Hockey is not the game it was in the 1950s, 70s or even the 90s. This is at least partly because the game in previous decades (as we knew it in North America) was played completely by North Americans (most of whom were from Canada). This has changed dramatically, especially over the past 20 years, as even players from the former iron curtain countries started to play in the NHL and for the Winnipeg Jets.
In the 1970-71 season, 96% of players who played during the regular season were of Canadian heritage; about 2.5% were American with 5 other nations making up the remainder. Twenty years later Canadians made up just less than 3-quarters of the league’s players. The US provided 17% with 10 other countries having at least 1 player in the NHL. This past season Canada’s share of NHL players, which has been relatively consistent the past decade, was at about 54%. Americans made up 24% of 2011-12 NHL rosters, with Sweden next at about 7%. More nations than ever, fully 19 of them, had at least 1 player on an NHL regular season roster last season.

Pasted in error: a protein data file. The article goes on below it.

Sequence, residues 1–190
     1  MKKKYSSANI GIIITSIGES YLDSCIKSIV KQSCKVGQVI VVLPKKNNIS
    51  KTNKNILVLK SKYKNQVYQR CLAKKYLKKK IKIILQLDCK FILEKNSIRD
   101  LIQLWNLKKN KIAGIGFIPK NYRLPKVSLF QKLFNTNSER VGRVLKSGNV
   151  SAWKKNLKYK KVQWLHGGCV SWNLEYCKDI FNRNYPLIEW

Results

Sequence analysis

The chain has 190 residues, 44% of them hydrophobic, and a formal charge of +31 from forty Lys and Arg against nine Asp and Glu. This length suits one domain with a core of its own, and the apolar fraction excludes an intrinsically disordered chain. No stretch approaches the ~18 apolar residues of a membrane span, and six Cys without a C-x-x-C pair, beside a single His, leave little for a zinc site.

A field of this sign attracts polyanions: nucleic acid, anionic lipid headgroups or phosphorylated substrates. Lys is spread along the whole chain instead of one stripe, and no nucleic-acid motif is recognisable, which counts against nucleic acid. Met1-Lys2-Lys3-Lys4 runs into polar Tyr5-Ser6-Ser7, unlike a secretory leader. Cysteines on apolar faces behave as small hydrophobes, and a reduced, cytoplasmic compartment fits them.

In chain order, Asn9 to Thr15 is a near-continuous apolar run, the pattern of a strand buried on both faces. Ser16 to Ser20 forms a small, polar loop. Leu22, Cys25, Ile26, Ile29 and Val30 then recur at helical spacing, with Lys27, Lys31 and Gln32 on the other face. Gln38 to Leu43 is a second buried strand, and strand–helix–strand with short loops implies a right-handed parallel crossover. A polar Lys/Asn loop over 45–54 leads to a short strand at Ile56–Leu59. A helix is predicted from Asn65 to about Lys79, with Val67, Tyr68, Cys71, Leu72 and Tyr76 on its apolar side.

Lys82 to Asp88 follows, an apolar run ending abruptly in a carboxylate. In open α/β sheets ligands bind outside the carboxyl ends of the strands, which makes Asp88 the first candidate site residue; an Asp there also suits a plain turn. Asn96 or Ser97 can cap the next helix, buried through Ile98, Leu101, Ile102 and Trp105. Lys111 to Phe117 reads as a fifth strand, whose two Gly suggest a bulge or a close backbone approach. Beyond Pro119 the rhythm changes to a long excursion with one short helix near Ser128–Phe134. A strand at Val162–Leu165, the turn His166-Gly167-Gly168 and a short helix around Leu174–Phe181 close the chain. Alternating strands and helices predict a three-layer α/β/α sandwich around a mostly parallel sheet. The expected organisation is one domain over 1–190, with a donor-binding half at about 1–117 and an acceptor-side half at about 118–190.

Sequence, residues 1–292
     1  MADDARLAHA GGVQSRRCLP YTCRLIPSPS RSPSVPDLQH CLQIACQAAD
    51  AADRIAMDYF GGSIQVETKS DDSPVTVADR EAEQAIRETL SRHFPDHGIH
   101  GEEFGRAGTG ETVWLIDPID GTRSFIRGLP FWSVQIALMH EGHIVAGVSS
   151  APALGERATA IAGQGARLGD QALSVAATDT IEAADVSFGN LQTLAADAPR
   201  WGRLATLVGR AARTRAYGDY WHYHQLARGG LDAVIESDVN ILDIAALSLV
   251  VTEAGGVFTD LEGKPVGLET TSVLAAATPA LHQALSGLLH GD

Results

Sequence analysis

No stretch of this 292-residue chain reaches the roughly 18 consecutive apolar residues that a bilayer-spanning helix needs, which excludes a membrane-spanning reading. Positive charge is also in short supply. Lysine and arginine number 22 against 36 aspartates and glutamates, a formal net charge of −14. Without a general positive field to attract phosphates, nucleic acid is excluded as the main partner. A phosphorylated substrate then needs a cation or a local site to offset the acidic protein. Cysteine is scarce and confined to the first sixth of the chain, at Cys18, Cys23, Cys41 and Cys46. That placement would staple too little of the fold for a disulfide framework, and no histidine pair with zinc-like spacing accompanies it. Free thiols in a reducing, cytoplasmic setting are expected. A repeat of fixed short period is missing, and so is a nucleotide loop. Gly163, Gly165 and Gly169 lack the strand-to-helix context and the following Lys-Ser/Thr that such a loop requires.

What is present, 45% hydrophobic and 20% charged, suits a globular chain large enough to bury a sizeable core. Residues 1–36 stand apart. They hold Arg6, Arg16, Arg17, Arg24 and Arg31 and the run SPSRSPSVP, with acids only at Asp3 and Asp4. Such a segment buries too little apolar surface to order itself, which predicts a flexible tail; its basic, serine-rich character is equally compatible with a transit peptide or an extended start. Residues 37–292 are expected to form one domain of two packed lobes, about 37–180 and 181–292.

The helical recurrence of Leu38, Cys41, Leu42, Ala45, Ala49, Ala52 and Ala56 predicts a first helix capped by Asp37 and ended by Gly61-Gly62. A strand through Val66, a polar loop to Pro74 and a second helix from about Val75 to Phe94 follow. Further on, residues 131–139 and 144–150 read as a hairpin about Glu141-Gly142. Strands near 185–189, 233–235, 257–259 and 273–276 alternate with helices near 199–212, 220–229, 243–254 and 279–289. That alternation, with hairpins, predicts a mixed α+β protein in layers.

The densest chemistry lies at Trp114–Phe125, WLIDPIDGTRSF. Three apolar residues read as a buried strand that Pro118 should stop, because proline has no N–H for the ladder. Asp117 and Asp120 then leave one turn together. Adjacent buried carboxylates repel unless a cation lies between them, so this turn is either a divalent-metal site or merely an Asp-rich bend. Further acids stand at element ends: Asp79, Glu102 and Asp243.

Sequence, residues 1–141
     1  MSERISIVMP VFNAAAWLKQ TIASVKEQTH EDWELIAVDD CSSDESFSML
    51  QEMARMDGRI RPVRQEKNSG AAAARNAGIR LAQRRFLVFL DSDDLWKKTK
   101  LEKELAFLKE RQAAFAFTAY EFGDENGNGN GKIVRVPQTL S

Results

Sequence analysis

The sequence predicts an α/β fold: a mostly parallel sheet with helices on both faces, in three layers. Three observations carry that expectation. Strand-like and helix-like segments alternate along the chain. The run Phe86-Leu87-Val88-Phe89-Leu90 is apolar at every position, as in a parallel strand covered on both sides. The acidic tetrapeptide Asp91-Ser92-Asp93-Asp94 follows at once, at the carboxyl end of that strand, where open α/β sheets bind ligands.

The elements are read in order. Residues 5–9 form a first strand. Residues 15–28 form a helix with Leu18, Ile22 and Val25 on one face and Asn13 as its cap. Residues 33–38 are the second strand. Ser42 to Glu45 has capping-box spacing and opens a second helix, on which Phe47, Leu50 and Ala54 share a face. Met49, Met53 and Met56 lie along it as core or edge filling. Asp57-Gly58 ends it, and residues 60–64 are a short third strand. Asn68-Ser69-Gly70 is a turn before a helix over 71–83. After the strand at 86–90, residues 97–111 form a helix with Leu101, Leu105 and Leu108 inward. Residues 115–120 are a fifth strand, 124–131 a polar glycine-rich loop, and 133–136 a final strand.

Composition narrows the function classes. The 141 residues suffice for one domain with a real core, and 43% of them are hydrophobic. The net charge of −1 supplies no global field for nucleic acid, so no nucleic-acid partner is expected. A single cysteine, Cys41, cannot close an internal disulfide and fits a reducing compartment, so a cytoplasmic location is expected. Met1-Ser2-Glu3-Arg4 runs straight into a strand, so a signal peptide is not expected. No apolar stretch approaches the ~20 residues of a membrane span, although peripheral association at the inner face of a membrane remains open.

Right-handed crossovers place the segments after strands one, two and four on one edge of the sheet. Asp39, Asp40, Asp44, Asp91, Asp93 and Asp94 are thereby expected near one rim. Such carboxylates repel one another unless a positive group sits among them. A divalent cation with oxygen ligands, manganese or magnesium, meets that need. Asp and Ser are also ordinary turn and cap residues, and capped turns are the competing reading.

The Winnipeg Jets have a roster made up of a players originating from a broad range of countries. Here’s how their current roster (as listed on their website, including free-agent signings) stacks up as far as nation of origin goes:
Canada–7 (Evander Kane, Andrew Ladd, Bryan Little, Chris Thorburn, Kyle Wellwood, Grant Clitsome and Paul Postma);
United States–7 (Jim Slater, Blake Wheeler, Zach Bogosian, Dustin Byfuglien, Ron Hainsey, Mark Stuart and Al Montoya);
Finland–2 (Olli Jokinen and Antti Miettinen);
Russia–1 (Alex Burmistrov);
Ukraine–1 (Alexei Ponikarovsky);
Kazakhstan–1 (Nik Andropov);
Sweden–1 (Toby Enstrom);
Czech Republic–1 (Ondrej Pavelec)
Thirty-nine players are listed as being in the Jets’ system, meaning as of now they’re slated to play in the minors, junior, college or possibly overseas. Twenty-five of the 39 hale from Canada, 11 from the US and 1 each from Russia, Sweden and Latvia.